by Rick Krueger
“Rain all the truth down, down on me/Rain down so much you make a sea/A sea we can sail then sink like a stone/Down to the truth, down to the bone.”
To the Bone isn’t any sort of “prog turned pop” betrayal. I don’t think it’s Steven Wilson’s masterwork either; Porcupine Tree’s In Absentia and Deadwing and the stunning Hand. Cannot. Erase. remain my favorites, along with the compelling concert video Get All You Deserve. I do think that To the Bone is pretty special, though. An accessible yet ambitious set of songs that compels repeated plays, it ably showcases Wilson’s immersive grounding in rock and pop of all stripes, his ongoing quest to extend that tradition, and his continued lyrical growth.
The last topic first: seeing Wilson live on The Raven That Refused to Sing tour, I realized what had bugged me about his more recent lyrics. All too often, it felt like the man was taking disdainful potshots at easy targets (“Halo,” parts of The Incident) or peering into the lives of the damaged (“Harmony Korine,” “Luminol”) and disturbed (“Index,” “Raider II”) for voyeuristic giggles and lurid thrills. The richly humane narrative of Hand. Cannot. Erase., Wilson’s multifaceted portrayal of a young woman disappearing into the maw of a big city, brought his latent empathy forward again, to that album’s benefit.
That empathy is firing on all cylinders throughout To the Bone. In “Pariah,” the exhausted protagonist finds comfort where he expects disdain; “Refuge” laconically captures the suspended lives of the displaced; “Blank Tapes” depicts both sides of a break-up with just a few heart-rending brush strokes. By the time Wilson veers into more familiar territory, even his portraits of obsessives and mass killers ring truer — unpitying, uncaricatured, complex and compelling. The Bataclan terrorists of “People Who Eat Darkness” bark out their frustrations and excuses in one breath, then grimly acknowledge the evil of what their plans in the next; “Detonation’s” main character rails against the God he simultaneously disbelieves in and blames for his murderous rampage. Here the title track’s wittily savage sketch of truth’s dangers for the unwary comes full circle.
As good as these new lyrics are, the music brings To the Bone to life. His death metal obsession firmly behind him, Wilson bangs out scads of wiry, resonant riffs on guitar and bass, capturing the vibe of vintage Who and Led Zeppelin with just a touch of Ennio Morricone tossed in. I haven’t played this much air guitar to an album in a long time. The funky scratch of the title track, the power chords and chiming licks of “Nowhere Now,” the “Kashmir”-style tag of “The Same Asylum As Before’s” chorus — it’s all pretty thrilling, especially with drummers Jeremy Stacey (King Crimson) and Craig Blundell piling on appropriate echoes of Keith Moon, John Bonham and Neil Peart.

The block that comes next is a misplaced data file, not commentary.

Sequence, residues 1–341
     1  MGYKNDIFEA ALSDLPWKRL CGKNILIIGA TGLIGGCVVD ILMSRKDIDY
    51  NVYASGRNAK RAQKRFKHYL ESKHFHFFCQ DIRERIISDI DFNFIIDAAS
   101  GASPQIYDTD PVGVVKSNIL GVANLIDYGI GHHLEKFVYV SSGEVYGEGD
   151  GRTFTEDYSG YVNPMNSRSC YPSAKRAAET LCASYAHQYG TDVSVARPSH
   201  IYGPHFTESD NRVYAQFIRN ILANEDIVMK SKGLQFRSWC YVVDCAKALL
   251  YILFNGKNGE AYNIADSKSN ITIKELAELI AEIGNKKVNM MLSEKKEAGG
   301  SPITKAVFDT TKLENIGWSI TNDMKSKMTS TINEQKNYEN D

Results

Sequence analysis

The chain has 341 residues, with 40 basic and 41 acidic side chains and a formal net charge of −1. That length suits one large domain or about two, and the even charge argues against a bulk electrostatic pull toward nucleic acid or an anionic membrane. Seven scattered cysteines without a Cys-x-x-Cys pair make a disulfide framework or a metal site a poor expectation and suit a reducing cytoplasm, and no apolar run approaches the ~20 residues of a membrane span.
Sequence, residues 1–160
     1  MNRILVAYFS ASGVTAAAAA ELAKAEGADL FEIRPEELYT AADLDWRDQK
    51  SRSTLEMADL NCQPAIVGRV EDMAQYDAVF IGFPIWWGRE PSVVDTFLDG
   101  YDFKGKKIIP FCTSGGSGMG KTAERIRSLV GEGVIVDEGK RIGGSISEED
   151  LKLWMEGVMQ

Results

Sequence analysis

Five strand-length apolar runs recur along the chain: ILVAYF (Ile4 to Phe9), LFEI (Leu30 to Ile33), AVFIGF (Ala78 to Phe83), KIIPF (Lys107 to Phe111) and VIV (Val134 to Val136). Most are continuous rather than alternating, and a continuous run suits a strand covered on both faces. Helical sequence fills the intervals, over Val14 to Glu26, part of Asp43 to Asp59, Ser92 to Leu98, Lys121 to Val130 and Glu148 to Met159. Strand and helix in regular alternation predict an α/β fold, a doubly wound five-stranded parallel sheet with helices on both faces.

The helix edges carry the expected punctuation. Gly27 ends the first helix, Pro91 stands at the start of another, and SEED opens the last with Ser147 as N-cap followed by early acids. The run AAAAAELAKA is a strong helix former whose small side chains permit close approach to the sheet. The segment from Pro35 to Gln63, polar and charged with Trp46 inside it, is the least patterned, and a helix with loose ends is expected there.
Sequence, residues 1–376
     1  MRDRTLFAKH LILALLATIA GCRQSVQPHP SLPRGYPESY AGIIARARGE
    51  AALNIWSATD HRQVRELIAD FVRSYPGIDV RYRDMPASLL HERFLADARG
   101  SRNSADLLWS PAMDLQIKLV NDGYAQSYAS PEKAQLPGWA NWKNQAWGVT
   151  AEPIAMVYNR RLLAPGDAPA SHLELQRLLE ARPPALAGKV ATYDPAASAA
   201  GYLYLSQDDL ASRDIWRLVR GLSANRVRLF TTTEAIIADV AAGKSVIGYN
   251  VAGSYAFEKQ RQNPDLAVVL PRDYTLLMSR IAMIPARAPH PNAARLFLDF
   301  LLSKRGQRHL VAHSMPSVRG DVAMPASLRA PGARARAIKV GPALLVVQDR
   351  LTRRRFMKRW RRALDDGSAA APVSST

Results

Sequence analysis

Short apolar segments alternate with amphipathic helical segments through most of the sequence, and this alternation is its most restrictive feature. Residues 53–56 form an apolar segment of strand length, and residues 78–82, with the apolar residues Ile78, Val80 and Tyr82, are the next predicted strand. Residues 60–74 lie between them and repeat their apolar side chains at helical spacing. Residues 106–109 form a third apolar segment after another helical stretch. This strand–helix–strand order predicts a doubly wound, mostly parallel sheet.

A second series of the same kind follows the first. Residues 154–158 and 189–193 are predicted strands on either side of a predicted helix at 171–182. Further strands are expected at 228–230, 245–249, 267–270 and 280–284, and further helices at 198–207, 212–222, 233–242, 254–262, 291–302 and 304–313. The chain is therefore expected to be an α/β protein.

To the Bone’s obvious pop turns, especially the pre-release singles “Pariah,” “Song of I” and “Permanating,” have been the special object of possessive fans’ wailing and gnashing of teeth. But honestly, is Wilson crafting a four-minute track that would sound great on the radio really a bad thing? Or even a new development? (“Perfect Life” or “Lightbulb Sun,” anyone?) Yes, “Pariah” is an obvious tribute to Peter Gabriel and Kate Bush’s “Don’t Give Up” — but when Ninet Tayeb knocks the chorus out of the park (and brings out the song’s latent ancestry in the Beach Boys’ “Don’t Worry Baby” in the process), it’s a tribute that works. Yes, “Permanating” feels like Jeff Lynne and ABBA collaborating while on Red Bull and helium — but writing a song where every single section functions as a killer hook is no mean feat. And yes, the duet with Sophie Hunger, “Song of I,” retreads the familiar ground of a dysfunctional relationship — but when Dave Stewart’s ominous orchestral break unfolds like a lush carnivorous plant, it packs a bracing wallop.
And Wilson saves the best for last, bringing in his road band for the ballad “Song of Unborn.” The ruminative lead vocals, combined with a delicate choral interlude and sensitive, restrained interplay from the band, send the final moments of this solid album into the stratosphere. Heartfelt but unsentimental, hopeful without glib optimism, “Song for Unborn” is an surprising exhortation to live life well in a world of uncertainty, and a rich closing statement of To the Bone’s attractions.
“Well the world is exhausted and wreckage is all around/But the arc of your life could still be profound/Don’t be afraid to die/Don’t be afraid to be alive.”